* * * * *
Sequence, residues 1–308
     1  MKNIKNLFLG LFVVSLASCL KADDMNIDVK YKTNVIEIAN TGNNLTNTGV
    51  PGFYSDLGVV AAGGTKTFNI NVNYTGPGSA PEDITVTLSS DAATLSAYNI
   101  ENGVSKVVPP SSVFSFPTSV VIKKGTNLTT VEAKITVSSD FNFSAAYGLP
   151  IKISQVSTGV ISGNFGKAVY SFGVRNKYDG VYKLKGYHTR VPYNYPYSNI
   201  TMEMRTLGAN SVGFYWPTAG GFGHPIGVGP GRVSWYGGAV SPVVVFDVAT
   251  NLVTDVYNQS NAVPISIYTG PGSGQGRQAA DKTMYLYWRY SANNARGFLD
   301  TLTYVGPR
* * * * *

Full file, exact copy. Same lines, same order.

Sequence, residues 1–308
     1  MKNIKNLFLG LFVVSLASCL KADDMNIDVK YKTNVIEIAN TGNNLTNTGV
    51  PGFYSDLGVV AAGGTKTFNI NVNYTGPGSA PEDITVTLSS DAATLSAYNI
   101  ENGVSKVVPP SSVFSFPTSV VIKKGTNLTT VEAKITVSSD FNFSAAYGLP
   151  IKISQVSTGV ISGNFGKAVY SFGVRNKYDG VYKLKGYHTR VPYNYPYSNI
   201  TMEMRTLGAN SVGFYWPTAG GFGHPIGVGP GRVSWYGGAV SPVVVFDVAT
   251  NLVTDVYNQS NAVPISIYTG PGSGQGRQAA DKTMYLYWRY SANNARGFLD
   301  TLTYVGPR